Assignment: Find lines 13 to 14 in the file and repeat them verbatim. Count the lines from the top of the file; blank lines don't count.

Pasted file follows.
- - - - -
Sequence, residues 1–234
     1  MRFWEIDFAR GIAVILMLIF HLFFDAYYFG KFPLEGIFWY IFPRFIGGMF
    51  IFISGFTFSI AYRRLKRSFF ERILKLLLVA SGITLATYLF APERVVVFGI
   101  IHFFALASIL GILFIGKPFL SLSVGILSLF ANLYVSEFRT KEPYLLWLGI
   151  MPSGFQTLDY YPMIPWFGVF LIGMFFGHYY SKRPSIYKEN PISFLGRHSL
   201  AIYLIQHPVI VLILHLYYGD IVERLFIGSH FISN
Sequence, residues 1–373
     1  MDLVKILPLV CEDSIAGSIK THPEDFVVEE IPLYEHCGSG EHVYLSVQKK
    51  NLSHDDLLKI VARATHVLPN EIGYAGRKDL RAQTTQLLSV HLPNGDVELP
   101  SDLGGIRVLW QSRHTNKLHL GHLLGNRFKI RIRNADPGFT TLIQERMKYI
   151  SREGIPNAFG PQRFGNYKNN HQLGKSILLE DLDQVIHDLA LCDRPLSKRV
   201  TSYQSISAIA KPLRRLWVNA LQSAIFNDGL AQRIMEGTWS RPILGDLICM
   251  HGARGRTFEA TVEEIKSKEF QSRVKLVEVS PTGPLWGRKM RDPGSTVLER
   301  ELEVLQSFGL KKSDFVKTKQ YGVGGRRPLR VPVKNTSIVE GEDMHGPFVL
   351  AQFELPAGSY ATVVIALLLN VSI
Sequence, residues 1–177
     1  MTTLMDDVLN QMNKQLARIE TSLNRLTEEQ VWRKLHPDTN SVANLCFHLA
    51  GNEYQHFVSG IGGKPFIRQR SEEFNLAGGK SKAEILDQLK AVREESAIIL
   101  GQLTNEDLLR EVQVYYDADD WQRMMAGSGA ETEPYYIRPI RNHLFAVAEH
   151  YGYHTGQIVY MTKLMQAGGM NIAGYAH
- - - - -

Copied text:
   251  HGARGRTFEA TVEEIKSKEF QSRVKLVEVS PTGPLWGRKM RDPGSTVLER
   301  ELEVLQSFGL KKSDFVKTKQ YGVGGRRPLR VPVKNTSIVE GEDMHGPFVL